CES to require proof-of-vaccination at 2022 tech mega-conference

Because what happens in Vegas doesn't always stay in Vegas


After going entirely virtual this year, the Consumer Electronics Show has said it will hold a physical mega-event in 2022 – and you'll need proof of vaccination against the coronavirus to attend in person.

If you want to enter the exhibition halls from January 7 to see the latest, greatest, and some of the tackiest pieces of personal tech, you'll need evidence, such as a CDC vaccination card, showing that you've had the full jab. CES is also "assessing the acceptance of proof of a positive antibody test," if you don't have a card.

"Based on today’s science, we understand vaccines offer us the best hope for stopping the spread of COVID-19,” said Gary Shapiro, president and CEO of the show's organizers, the Consumer Technology Association, on Tuesday.

“We all play a part in ending the pandemic through encouraging vaccinations and implementing the right safety protocols. We are taking on our responsibility by requiring proof of vaccination to attend CES 2022 in Las Vegas.”

Speaking of vaccinations... IBM will allow only fully vaccinated staff to return to its US offices, due to open in early September.

Last July, after some delays, CES finally admitted the game was up and the show would go all virtual for 2021. With the pandemic in full tilt, physical conferences were put on ice, and that freeze may be thawing.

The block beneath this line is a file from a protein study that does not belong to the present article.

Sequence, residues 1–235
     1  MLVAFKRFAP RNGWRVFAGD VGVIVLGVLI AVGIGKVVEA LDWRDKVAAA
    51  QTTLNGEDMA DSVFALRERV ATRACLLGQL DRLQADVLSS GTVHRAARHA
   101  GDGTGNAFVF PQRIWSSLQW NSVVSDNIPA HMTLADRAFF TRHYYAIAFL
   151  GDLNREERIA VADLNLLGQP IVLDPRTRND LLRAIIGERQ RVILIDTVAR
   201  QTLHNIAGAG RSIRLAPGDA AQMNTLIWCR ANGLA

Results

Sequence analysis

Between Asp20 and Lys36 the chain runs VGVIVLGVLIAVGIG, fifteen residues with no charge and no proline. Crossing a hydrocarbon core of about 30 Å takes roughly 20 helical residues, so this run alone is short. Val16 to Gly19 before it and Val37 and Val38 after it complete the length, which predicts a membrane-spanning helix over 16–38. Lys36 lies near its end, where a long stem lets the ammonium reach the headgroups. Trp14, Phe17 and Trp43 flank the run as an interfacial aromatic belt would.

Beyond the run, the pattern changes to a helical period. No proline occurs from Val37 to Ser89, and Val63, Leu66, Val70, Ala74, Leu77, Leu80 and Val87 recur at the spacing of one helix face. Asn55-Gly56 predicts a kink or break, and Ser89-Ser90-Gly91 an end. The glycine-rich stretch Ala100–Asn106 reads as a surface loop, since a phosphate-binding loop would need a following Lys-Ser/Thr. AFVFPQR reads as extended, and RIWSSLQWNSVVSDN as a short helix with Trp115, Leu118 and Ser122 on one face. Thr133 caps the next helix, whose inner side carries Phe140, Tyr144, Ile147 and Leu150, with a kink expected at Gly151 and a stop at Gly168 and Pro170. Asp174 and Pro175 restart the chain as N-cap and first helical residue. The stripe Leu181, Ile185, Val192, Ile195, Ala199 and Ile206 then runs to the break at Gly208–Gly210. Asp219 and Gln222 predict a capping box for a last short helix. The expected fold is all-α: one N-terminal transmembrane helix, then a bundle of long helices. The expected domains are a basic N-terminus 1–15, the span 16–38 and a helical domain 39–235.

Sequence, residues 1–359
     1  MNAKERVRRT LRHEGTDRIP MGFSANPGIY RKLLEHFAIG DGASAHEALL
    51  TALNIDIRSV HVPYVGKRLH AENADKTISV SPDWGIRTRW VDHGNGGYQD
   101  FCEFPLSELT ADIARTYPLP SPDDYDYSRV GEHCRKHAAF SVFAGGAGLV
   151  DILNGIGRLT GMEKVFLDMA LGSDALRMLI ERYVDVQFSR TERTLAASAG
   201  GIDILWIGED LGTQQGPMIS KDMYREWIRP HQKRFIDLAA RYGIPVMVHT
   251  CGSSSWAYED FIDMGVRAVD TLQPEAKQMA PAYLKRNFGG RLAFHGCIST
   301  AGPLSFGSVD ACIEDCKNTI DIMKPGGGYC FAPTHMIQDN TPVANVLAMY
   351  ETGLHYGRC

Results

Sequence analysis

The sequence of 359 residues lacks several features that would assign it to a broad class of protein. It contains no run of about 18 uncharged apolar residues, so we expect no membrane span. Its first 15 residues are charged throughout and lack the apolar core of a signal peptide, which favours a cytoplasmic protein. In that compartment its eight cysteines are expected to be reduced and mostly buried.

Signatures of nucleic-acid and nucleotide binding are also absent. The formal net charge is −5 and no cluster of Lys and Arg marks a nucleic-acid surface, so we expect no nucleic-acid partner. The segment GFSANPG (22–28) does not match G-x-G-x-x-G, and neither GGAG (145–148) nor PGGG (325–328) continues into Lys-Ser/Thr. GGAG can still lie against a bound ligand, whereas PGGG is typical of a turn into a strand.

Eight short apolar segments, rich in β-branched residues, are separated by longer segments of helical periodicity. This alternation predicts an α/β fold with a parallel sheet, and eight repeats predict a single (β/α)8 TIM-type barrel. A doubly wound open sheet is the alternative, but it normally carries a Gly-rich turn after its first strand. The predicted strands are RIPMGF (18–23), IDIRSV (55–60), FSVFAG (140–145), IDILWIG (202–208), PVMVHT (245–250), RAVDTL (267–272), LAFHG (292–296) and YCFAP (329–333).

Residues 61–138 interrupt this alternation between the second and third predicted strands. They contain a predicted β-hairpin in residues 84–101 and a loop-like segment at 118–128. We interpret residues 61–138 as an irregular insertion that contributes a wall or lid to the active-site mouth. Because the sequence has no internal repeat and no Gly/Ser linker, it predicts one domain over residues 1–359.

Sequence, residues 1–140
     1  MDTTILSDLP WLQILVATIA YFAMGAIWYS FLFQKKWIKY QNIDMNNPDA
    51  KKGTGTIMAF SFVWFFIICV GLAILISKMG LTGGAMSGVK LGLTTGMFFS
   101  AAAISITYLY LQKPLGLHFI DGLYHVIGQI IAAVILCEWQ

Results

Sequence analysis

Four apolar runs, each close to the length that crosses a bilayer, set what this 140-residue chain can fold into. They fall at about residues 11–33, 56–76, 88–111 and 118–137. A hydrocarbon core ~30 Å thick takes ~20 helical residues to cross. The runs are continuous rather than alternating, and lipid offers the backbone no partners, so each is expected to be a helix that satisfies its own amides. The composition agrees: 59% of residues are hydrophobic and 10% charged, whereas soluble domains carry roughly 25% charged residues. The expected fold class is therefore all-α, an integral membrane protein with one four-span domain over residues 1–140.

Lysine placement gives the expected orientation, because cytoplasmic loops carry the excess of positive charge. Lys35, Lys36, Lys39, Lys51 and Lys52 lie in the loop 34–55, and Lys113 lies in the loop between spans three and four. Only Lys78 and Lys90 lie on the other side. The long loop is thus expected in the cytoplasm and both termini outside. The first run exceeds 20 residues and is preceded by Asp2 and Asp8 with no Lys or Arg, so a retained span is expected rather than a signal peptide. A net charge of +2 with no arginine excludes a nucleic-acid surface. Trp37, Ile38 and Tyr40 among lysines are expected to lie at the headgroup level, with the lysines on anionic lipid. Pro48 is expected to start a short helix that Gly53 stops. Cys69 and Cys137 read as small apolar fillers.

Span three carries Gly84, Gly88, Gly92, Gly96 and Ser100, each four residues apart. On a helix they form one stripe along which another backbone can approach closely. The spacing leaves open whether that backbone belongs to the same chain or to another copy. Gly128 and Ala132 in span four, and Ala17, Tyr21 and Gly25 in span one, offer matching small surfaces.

For those who don't want to travel early next year to Las Vegas, right now a COVID-19 hotspot, there'll still be a series of virtual events for CES, as there were this year. Though it's clear the organizers are keen to get back to the good old days where tens of thousands of people wandered around the lucrative expo floors getting some hands-on time with the shiny shiny.

Based on the experience of this month's Black Hat and DEF CON conferences in Sin City, which also ran hybrid conferences, attendance at CES 2022 is almost certain to be low. DEF CON saw about a fifth of attendees it would usually expect and Black Hat attendees were thin on the ground.

But by January, the situation may have changed somewhat. And Las Vegas' economy is built on a solid foundation of people not understanding odds and feeling lucky. ®

Similar topics


Other stories you might like

Biting the hand that feeds IT © 1998–2021